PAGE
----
So as regards the Syndicate, what can they do? Are they fascist or not? Did they ever have an option? In what measure are they heroes and/or villains?
What were our chances of being saved? Wasn't humanity doomed already? So what we should judge are the Syndicate's means. But anyway, doomed to what? Aren’t we aliens already? What is this fear of becoming-other but a fear of becoming who we really are? The great fear of dying in order to really live.
If the myth of The X-Files is, in the end, about the end of the world, then what is its philosophy in the face of this final destruction? For anyone interested in Deleuze, I would argue the ending of the series is in a way completely Deleuzian: M&S in flight, M&S the creative line of flight of love. Much more on this question on a later post!

A final turn of the screw. Chris Carter is, above all, CSM…. He has said in interviews that Mulder and Scully are the two sides of himself. But what Carter is not telling us, because it is plain to see, is that he is as much CSM as he is Mulder and Scully. In practical terms, regardless of how much he depends on the rest of the crew, he will always have the last word. There is always something the rest don’t know. And the way he deals with this knowledge is exactly like CSM’s. Take for example the way he handled the secrecy around “I Want to Believe.” “There's as much good information as there's misinformation.” Half-truths, lies, truths. “As I've always said, Deny everything.” (I’ve always said? Shouldn't that be CSM always says?) “Trust no one.” And so on. In interviews, Carter uses the same phrases he put in CSM’s mouth, he hides behind the same philosophy CSM hides. Of course, we love him because, when all is said and done, he is just an entertainer… right?

We have only been skiing over the deep waters of philosophical enquiry into the X-Files. By now, I’m thinking that the only thing that could satisfy my appetite for X-Phileosophy is a university course on “The Philosophy of The X-Files”!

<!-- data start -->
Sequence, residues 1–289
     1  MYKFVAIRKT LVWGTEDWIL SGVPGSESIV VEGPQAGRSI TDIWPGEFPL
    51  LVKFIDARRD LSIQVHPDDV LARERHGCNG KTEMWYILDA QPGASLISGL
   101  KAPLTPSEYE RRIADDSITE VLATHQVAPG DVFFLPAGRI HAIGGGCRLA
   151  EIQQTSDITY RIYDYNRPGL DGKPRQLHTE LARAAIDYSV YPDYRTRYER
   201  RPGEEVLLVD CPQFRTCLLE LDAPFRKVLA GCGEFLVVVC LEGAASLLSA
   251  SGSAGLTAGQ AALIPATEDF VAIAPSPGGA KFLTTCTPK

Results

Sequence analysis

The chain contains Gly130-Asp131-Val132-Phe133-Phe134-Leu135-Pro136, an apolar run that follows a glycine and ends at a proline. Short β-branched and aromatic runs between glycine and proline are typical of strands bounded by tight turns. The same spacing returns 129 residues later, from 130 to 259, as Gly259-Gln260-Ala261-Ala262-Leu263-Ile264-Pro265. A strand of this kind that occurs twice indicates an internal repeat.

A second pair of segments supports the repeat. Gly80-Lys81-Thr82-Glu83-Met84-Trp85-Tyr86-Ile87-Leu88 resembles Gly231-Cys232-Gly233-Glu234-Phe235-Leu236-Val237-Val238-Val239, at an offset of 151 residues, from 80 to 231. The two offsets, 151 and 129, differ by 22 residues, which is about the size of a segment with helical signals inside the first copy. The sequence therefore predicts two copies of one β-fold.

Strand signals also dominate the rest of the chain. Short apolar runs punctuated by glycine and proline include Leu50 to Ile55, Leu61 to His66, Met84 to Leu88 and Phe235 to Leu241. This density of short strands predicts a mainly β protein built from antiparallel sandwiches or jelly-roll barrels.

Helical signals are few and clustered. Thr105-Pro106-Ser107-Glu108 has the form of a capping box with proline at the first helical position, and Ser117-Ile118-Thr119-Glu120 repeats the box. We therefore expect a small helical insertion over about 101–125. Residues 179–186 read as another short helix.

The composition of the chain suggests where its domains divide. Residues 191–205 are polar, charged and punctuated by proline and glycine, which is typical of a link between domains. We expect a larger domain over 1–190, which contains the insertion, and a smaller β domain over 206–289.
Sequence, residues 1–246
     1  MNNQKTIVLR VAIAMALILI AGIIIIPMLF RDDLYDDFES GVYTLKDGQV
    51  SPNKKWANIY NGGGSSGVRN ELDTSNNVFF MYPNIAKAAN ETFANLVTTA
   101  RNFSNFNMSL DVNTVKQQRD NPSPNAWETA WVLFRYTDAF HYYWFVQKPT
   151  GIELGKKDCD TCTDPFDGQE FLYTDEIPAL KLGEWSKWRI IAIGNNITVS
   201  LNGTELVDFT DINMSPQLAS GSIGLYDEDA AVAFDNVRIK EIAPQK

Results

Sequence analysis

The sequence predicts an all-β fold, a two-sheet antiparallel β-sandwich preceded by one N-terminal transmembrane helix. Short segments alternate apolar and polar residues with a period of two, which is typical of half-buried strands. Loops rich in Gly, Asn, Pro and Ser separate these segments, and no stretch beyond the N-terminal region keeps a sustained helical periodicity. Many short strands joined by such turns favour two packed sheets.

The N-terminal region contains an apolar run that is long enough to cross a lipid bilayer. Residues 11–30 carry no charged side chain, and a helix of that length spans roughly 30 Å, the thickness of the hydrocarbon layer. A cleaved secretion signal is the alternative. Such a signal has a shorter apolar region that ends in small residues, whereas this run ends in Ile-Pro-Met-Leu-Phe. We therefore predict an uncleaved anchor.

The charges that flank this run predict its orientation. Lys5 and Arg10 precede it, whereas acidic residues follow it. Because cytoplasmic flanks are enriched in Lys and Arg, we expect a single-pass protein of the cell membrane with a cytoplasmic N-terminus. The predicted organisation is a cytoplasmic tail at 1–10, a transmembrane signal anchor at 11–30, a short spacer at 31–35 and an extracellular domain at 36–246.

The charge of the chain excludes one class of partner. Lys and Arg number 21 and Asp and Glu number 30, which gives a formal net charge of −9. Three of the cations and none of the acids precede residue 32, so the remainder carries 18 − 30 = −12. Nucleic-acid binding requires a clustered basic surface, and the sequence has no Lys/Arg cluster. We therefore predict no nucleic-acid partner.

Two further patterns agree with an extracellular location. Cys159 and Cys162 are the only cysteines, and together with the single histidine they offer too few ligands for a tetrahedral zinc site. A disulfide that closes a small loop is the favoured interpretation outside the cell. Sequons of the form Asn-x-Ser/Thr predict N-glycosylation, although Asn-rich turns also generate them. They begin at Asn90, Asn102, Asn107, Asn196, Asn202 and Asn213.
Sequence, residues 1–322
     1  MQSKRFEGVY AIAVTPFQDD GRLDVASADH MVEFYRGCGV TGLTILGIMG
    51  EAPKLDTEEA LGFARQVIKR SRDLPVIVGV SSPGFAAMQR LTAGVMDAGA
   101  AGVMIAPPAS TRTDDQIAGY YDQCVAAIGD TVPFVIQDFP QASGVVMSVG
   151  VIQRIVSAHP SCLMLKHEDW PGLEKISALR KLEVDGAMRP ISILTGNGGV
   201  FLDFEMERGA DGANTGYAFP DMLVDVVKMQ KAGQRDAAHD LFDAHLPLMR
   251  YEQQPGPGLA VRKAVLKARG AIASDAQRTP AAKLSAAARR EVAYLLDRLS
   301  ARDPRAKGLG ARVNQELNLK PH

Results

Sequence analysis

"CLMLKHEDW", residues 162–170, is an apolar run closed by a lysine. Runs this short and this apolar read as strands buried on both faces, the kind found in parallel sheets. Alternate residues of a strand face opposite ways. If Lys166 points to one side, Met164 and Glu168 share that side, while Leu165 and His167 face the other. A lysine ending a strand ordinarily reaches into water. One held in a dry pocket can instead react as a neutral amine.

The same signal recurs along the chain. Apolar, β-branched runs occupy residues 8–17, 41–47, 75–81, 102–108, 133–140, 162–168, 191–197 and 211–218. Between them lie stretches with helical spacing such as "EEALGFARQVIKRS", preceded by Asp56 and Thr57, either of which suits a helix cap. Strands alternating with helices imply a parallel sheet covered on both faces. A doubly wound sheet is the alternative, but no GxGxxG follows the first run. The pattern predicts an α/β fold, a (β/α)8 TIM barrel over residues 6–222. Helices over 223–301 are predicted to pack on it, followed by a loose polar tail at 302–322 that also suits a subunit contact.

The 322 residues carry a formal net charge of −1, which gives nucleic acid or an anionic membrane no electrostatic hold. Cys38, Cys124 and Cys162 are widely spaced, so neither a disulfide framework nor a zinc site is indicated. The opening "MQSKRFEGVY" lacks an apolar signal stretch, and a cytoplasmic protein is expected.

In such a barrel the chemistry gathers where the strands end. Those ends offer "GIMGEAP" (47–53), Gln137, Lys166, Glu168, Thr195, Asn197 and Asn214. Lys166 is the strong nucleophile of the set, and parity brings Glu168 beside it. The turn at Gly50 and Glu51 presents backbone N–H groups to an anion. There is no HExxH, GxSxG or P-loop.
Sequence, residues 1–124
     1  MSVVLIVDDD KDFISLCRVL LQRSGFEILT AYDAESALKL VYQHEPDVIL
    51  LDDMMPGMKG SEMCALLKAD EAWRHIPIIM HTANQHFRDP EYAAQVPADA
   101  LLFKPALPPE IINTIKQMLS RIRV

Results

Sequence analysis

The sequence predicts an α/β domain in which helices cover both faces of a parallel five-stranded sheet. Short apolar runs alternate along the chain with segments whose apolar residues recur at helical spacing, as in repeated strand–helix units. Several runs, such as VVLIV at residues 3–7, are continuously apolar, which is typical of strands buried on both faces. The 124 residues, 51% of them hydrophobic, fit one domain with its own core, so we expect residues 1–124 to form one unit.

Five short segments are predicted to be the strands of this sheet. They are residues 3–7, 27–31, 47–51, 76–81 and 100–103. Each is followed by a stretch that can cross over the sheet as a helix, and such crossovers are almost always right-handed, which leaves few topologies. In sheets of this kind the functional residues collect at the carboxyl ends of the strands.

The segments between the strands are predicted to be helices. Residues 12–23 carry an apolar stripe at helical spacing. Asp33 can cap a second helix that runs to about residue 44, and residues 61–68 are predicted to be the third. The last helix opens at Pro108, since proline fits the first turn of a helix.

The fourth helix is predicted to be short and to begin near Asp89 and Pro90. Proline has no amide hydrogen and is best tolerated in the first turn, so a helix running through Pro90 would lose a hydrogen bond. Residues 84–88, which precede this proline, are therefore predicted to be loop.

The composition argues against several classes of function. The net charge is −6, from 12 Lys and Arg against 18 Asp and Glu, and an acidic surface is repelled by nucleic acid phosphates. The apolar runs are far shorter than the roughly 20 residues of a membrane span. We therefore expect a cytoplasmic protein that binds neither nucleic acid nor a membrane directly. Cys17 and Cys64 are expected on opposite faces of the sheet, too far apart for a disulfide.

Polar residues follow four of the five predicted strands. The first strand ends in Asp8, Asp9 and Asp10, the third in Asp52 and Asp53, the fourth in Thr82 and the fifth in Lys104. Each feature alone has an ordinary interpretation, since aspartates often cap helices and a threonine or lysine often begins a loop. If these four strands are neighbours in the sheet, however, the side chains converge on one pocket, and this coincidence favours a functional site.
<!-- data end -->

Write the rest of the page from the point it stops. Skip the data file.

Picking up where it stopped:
Saturday, October 10, 2009

Remembering past genre late night television...

Technically, this ties in with my previous blog about remembering past genres, while this isn’t relevant to The X-Files, I have little doubt the host(s) of the following local television show would have interviewed people connected to The X-Files or Millennium, back in the 90s, had this show still existed.

Recently there was an event at a local theatre that was special. A evening and a special projected broadcast re-run of a 1973 episode of a local horror TV show that aired double features of old horror and science fiction movies, and was hosted by an unassuming, and unlikely chap named Bob Wilkins. "Creature Feature's" was locally produced at Oakland, CA TV station KTVU channel 2 from 1971 until 1984. The following Trailer should give you an idea:

Back in the 1970s, as a child, I distinctly remember staying up late to watch this show from 11 to 1, on Fridays or Saturday nights, as I was permitted to (encouraged by my Dad, another lover of these genres), and usually fell asleep before the movies ended. But Bob Wilkins and his eventual replacement John Stanley, were the personalities who exposed me to a great many horror and science fiction genre shows, before the advent of the VCR, DVD, Digital Cable, Tivo, Blu Ray, or iMovie.

Bob Wilkins with Christopher Lee

While this show might not have been nationally syndicated, for residents of the greater bay area, Northern California, and who came of age in the 70’s and early 80’s, Bob Wilkin’s was truly beloved. As well as his benefactor, John Stanley, who continued the show from 1979 to 1984. Stanley went on to write a great collection of genre movie guides titled "Creature Features: The Science Fiction, Fantasy, and Horror Movie Guide”, published by Boulevard Books, and highly recommended if you can find it. This show became so popular locally that it was beating the ratings of network shows like Saturday Night Live, much to the incredulous feelings of network executives.

Wilkin’s in the seventies interviewed an amazing pool of talent that was connected to these genres. Christopher Lee, Leonard Nimoy, William Shatner, Forest J. Ackerman, William Marshall, Larry "Buster" Crabbe of Universal serials, "Flash Gordon, Buck Rogers" fame, John Landis, Ray Harryhausen, and countless others. George Lucas was a fan of the show and has acknowledged watching Wilkins when he had a show in Sacramento in the 1960s. The Creature Features set was cheep and cheesy, but that never mattered.